Accounting of the costs involved, also proved to be an intricate assignment. TRC brought in an accounting staff in order to keep abreast of the heavy daily flow of paperwork. Working alongside the insurance companies, a reasonable framework was quickly established that facilitated the accurate tracking of management staff, labor, equipment and materials to be utilized while performing the work. Inventories were verified as each item was received and each time an item was issued.

Voice communications also proved to be a challenge. Due to the volume of supervisors that required voice linkage to the senior management team. Hundreds of two way radios were purchased. Also a high powered repeater installed on the 54th floor of a hotel across the street in an effort to maintain a high level of communication with the staff. Once on the floor, the only link the supervisory staff had were the radios used to communicate everything from safety and security situations to ordering of supplies for the necessary work. Without a sound communications program it would be nearly impossible to complete the volume of work required in the allotted time.

In TRC’s Operations Command Center, various visual aids were utilized in order to graph and chart the current status of the project and location of all the work crews. The Port Authority and WTC Operations had pre-established priority zones and critical paths. Therefore, the work could not be completed in a top to bottom fashion. That being the case, it was vital for TRC’s management staff to know exactly where our crews were and predict how long they would be there. Crew movements, from priority zones to new priority zones, required a thorough knowledge of the status of the project.

Scope of Work

The key consideration was the minimization of business interruption for The World Trade Center and the Port Authority.
The goal of the cursory cleaning of tenant contents was to allow swifter access by the tenants to their space, without exposing them to the gross effects of the contamination. During initial inspections of both towers, a relatively uniform coating of soot fallout was discovered throughout the property. Simply cleaning the structural surfaces would not immediately render the affected office spaces tenable, hence the decision to clean all of the grossly exposed surfaces.

Due to the natural bellows effect of elevators and elevator shafts, it was necessary to clean, deodorize and encapsulate the interior surfaces of the shafts and the exterior surfaces of the cars. All affected stairway surfaces, such as floors, steps, landings, railings, signage, and related surfaces were hand cleaned and deodorized. Building services were described as areas including bathrooms, janitor rooms, closets, electrical rooms and telecommunications rooms. These areas were thoroughly hand cleaned and deodorized.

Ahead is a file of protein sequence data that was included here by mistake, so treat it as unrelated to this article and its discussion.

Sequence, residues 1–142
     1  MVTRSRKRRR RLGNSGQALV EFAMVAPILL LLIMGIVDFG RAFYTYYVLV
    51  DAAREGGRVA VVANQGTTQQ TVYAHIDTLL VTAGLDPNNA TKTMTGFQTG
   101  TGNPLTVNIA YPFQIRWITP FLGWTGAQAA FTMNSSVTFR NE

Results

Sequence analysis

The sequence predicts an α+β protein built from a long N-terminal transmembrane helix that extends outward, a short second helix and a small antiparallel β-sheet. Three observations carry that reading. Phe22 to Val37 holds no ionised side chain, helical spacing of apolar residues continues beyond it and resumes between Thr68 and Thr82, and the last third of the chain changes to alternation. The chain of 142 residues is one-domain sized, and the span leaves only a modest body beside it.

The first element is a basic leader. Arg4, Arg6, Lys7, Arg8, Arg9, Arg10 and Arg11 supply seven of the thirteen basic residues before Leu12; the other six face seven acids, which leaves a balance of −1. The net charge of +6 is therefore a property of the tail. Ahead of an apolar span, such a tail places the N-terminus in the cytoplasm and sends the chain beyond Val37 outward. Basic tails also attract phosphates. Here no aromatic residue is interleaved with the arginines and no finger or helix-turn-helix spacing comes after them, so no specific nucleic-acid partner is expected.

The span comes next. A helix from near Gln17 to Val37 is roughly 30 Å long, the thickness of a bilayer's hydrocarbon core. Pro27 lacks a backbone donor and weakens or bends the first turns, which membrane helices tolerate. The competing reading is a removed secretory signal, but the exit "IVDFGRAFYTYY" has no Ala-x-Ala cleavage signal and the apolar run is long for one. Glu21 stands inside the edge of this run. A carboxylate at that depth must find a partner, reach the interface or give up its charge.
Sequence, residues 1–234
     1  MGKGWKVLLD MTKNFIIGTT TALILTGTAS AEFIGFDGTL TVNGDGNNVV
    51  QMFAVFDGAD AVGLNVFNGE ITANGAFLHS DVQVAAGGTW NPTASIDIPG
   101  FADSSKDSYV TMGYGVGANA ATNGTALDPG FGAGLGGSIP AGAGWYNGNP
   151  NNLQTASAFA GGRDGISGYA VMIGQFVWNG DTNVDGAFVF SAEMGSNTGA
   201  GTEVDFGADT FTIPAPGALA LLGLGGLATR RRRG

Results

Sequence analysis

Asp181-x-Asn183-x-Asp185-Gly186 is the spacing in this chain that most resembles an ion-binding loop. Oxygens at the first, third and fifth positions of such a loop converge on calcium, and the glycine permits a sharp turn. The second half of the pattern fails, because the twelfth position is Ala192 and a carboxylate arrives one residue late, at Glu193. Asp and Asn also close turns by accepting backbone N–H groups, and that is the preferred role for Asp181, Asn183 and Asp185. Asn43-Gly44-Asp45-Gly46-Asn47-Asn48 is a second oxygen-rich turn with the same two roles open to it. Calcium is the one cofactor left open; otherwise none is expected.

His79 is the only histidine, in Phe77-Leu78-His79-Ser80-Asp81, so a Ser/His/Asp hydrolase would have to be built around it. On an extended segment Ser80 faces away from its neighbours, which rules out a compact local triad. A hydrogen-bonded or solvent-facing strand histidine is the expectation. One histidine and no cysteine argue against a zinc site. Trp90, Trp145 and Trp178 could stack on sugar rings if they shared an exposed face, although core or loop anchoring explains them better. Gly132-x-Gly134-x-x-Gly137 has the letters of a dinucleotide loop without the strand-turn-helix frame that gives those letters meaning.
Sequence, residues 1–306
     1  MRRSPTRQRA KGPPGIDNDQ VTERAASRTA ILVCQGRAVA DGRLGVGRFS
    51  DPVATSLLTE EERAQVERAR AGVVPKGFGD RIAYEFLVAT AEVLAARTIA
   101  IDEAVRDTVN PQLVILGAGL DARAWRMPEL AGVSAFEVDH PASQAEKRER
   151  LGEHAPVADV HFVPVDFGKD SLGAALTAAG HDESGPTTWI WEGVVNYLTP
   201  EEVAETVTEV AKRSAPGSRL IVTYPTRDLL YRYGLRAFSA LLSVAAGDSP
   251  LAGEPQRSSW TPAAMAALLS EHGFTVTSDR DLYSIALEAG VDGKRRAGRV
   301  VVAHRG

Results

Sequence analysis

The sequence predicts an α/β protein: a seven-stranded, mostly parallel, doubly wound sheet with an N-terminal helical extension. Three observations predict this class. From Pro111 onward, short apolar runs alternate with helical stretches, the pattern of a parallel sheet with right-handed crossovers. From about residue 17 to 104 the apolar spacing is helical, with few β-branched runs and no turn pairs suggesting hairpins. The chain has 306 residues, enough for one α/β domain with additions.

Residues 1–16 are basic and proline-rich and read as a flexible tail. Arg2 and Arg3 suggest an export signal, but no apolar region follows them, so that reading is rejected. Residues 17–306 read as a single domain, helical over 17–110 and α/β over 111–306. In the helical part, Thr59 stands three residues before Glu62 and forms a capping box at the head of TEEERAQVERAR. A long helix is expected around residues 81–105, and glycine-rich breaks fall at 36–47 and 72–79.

Hard surface furniture was hand cleaned using either dry sponges or masslinn cloths. Papers, books, files, were hand cleaned in place, utilizing dry sponges or masslinn cloths. Upholstered furniture was vacuumed, steam extraction or dry cleaned. Fabric partitions were dry sponge cleaned. General contents, such as decorative accessories, desk top accessories, and wall hangings were cleaned using dry sponges or masslinn cloths. High tech equipment was cleaned, exterior only, utilizing either damp cloth or masslinn cloth, as required.

As soon as a floor was completed and checked by TRCs QC staff, representatives of The Port Authority and World Trade Center operations conducted a joint inspection of the completed floors. A checklist was developed and sign off and acceptance of the finished floors was completed. In some cases, where “punch list” items required further attention, a roving crew was assigned to complete the depicted tasks. The areas were then re-inspected and final acceptance was indicated.

Was the restoration of the property successful? Absolutely! Governor Mario Cuomo, returning to his offices on the 57th floor of Tower Two was quoted by the New York Times as saying, “This is really amazing; I did not dream that you could get it this clean, this quickly!” The Port Authority’s executive committee and media staff had predicted a mid- to-late April opening of the Towers. Tower Two opened on March 26th, while Tower One opened April 1st.

In 16 days (two days were virtually lost due to the “Blizzard of ’93" that paralyzed the city), TRC utilized 384 hours to complete the work over 8.8 million square feet of structure and contents. That means overall we achieved a completion rate of some 22,000 square feet per hour (the equivalent of a dozen 2,000-square-foot homes!).

Another key to our success was a clear vision of the work required and a management team that was committed to making the vision a reality. We are honored by the fact that the insurance companies and The Port Authority trusted our ability to produce what we had committed to them in our early discussions.

Bill Boss is assistant vice president of corporate sales and marketing.

This article adapted from Vol. 6 #2.